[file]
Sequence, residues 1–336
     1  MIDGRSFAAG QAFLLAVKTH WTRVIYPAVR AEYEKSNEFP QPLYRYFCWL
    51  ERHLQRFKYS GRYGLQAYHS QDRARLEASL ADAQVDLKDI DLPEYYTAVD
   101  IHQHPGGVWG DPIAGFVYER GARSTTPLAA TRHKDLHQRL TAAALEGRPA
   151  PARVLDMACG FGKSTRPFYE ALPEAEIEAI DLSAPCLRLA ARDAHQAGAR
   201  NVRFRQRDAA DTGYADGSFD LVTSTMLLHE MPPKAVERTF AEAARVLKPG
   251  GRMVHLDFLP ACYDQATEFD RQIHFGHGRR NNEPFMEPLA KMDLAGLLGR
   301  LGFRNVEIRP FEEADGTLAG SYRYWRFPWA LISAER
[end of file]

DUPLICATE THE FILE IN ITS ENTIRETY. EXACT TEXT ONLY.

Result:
Sequence, residues 1–336
     1  MIDGRSFAAG QAFLLAVKTH WTRVIYPAVR AEYEKSNEFP QPLYRYFCWL
    51  ERHLQRFKYS GRYGLQAYHS QDRARLEASL ADAQVDLKDI DLPEYYTAVD
   101  IHQHPGGVWG DPIAGFVYER GARSTTPLAA TRHKDLHQRL TAAALEGRPA
   151  PARVLDMACG FGKSTRPFYE ALPEAEIEAI DLSAPCLRLA ARDAHQAGAR
   201  NVRFRQRDAA DTGYADGSFD LVTSTMLLHE MPPKAVERTF AEAARVLKPG
   251  GRMVHLDFLP ACYDQATEFD RQIHFGHGRR NNEPFMEPLA KMDLAGLLGR
   301  LGFRNVEIRP FEEADGTLAG SYRYWRFPWA LISAER